Instead of trying to deny the existence of the academic competition or naively accept it as if it were a some sort of natural force, we should see competition differently. We need to understand academic competition in more polycentric terms — as a system that has many peaks but not a single top (Tarko 2014). This is what, I believe, is so infuriating in the talk about of ‘top journals’ and ‘top institutions’ to many.
We need to understand academic competition in more polycentric terms — as a system that has many peaks but not a single top.
Just as it does not makes sense to argue whether Serena Williams or Cristiano Ronaldo is a better athlete, we should not argue whether a management information systems scholar does better research than a researcher in accounting or in development studies— because they are not playing the same game. Yet, a competition driven by league tables is largely blind to such heterogeneity. The logic of most league tables is to commensurate incommensurable disciplines and to gloss over heterogeneity within disciplines.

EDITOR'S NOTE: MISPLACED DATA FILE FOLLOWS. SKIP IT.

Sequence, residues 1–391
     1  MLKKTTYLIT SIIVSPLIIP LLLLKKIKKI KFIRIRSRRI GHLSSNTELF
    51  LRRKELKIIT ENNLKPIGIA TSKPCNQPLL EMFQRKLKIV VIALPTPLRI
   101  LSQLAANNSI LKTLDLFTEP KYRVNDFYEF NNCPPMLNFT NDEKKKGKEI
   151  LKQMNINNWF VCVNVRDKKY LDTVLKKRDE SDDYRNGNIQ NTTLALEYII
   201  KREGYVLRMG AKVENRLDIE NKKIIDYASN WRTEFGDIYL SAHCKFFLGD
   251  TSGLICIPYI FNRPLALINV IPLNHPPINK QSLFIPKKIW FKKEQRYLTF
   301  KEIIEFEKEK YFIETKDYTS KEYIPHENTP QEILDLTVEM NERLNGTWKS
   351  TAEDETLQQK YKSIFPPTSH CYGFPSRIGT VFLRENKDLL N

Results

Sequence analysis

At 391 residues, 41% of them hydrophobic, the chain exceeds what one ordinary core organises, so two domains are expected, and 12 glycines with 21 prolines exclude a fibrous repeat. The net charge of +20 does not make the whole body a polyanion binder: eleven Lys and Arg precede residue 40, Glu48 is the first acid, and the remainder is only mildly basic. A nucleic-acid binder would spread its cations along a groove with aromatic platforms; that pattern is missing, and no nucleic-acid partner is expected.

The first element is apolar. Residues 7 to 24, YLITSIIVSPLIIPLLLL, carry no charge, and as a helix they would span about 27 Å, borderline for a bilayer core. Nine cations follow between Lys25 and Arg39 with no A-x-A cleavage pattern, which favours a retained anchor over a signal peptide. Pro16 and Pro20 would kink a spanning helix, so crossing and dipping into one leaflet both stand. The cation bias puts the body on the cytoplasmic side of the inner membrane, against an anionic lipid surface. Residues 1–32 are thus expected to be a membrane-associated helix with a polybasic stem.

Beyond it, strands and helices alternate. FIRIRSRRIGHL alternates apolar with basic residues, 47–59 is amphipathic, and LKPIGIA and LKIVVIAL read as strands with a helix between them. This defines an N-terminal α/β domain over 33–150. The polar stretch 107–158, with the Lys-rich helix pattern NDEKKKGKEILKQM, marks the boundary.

This does not mean that everyone can invent their own little field and claim to be on ‘top’; that all research is equally important, or that everyone should be paid the same in academia. Academic research is a fundamentally collective effort so that no individual researcher or institution can define it to their own interests. By choosing a career in one academic field over another, we make choices about our future earnings and prestige. To use again an analogue to sports, a professional rock climber simply does not earn as much as a professional football player. Of course, this does not mean that we should accept unfair income disparities, for instance, between female and male academics — we should fight those and corruption that is bound to happen in any system that distributes money and prestige.